From Terry Messman and Ellen Danchik, September 20, 2007

Dear Friends and Supporters,

I want to thank those of you who have made donations to support the work of Street Spirit and to help my family in one of the worst periods of our lives. I have felt so blessed by the amazing acts of kindness from friends who have stepped forward to help without ever being asked. In truth, I could never have asked for help from any of you. It is just not in my nature. So it’s all the more beautiful that so many friends have helped my family survive this crisis. Even when I tried so hard to refuse their help, they barged in, broke through my resistance and helped anyway. I will never forget this outpouring of kindness for the rest of my life.

I have worked on homeless issues for 23 years now and my wife Ellen Danchik has worked for 15 years helping the poorest and most disabled people find housing. In that time, Ellen and I have seen so many people overcome and undone by a single catastrophic blow or a series of blows. For 23 years, I have warned anyone who would listen that all of us are vulnerable to becoming homeless in a heartless society that cares only for profits and not for people. The loss of a job, a sudden raise in rent, an unjust eviction, a major health crisis, a serious injury or disabling accident, the break-up of a family, domestic abuse, mental health problems, substance abuse, the termination of welfare benefits -- any of these blows can reduce any one of us to homelessness.

How ironic and bewildering then, that after all these years of warning others about the hardships that can cause homelessness, that I found my own family slipping into the very same fate. In our case, it was one single blow that reduced us to the brink of economic ruin and eviction. Without warning, my wife was diagnosed with a huge brain tumor last February, a Grade 2 brain tumor that has a high chance of recurrence in the future. Although her surgery was successful, her doctors have told her that the residual brain trauma will leave her disabled and unable to work for more than a year. During the course of this, she lost her job as a housing coordinator, and then we found that her employer, the Contra Costa County Mental Health Department, had never paid a single dime into the state disability fund in the nearly 10 years Ellen had worked for them. Their miserly refusal to pay any disability benefits nearly destroyed us.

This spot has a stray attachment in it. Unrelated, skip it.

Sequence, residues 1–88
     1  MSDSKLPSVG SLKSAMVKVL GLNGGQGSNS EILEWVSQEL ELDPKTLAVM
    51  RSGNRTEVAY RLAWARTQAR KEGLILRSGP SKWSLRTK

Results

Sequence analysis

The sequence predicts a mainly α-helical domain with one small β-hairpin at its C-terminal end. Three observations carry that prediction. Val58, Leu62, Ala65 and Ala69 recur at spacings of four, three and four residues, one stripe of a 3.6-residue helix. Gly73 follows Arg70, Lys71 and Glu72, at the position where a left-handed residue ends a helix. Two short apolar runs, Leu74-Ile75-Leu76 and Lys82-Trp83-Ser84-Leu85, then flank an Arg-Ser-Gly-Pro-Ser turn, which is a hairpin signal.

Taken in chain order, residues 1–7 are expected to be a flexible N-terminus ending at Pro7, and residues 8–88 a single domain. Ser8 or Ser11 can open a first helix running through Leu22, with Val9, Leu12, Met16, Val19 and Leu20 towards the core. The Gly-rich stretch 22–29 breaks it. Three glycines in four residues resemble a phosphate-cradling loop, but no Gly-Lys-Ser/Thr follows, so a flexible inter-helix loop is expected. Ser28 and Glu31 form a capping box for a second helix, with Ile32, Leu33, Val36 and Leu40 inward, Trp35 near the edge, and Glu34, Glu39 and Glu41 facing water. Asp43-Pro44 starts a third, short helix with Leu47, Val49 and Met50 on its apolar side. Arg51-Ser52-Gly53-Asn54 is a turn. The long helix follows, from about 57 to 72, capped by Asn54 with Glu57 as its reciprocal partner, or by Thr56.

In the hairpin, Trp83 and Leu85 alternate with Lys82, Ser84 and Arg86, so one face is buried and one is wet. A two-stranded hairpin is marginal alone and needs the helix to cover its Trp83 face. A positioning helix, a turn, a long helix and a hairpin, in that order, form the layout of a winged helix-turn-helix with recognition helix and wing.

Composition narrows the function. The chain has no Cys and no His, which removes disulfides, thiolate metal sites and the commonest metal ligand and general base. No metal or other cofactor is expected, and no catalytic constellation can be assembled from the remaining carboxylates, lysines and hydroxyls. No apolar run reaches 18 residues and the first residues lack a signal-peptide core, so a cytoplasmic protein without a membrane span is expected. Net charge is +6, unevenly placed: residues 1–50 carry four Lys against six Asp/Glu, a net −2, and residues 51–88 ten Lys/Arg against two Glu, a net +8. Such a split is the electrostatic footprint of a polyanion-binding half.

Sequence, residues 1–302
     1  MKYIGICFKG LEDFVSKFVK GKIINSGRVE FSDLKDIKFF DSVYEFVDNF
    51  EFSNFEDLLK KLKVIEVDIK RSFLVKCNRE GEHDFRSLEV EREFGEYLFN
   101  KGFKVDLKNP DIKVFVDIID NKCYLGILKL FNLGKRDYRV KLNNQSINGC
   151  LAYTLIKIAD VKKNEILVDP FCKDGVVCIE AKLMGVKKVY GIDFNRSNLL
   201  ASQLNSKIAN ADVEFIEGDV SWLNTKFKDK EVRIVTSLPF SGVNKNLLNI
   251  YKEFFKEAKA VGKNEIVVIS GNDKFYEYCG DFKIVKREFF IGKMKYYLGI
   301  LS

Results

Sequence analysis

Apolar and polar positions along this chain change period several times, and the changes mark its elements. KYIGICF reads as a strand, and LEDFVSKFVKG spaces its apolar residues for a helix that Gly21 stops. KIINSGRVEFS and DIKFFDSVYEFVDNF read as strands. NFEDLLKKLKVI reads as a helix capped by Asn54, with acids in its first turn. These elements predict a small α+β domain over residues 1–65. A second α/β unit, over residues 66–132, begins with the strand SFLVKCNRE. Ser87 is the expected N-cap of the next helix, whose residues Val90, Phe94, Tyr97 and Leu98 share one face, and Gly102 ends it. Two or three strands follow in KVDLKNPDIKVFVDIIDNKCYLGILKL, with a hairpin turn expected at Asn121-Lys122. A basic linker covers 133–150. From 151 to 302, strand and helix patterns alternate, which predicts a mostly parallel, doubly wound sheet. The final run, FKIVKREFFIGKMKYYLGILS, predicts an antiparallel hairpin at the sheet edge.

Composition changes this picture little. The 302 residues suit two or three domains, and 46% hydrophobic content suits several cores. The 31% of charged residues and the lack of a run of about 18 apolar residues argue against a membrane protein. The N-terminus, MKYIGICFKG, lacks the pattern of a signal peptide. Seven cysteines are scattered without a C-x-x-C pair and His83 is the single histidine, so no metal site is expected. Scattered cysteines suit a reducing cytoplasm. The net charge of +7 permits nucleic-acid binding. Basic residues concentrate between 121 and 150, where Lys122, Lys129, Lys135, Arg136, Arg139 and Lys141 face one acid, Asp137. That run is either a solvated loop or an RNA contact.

We soon learned how very many people who undergo brain tumors are economically ruined. In May 2007, the National Brain Tumor Foundation released a report, entitled Nobody Can Afford A Brain Tumor: The Financial Impact of a Brain Tumor Diagnosis on Patients and Families. The report showed that virtually every family suffered drastic economic losses and many were economically ruined by the loss of income. Even though 95 percent of patients were working full-time when they were diagnosed, fewer than 35 percent returned to work full-time after their diagnosis. The report also found that, “Despite having paid into the system, many patients had been turned down for disability coverage. Two-thirds of survey respondents were not receiving disability in spite of having stopped working as a result of the tumor.”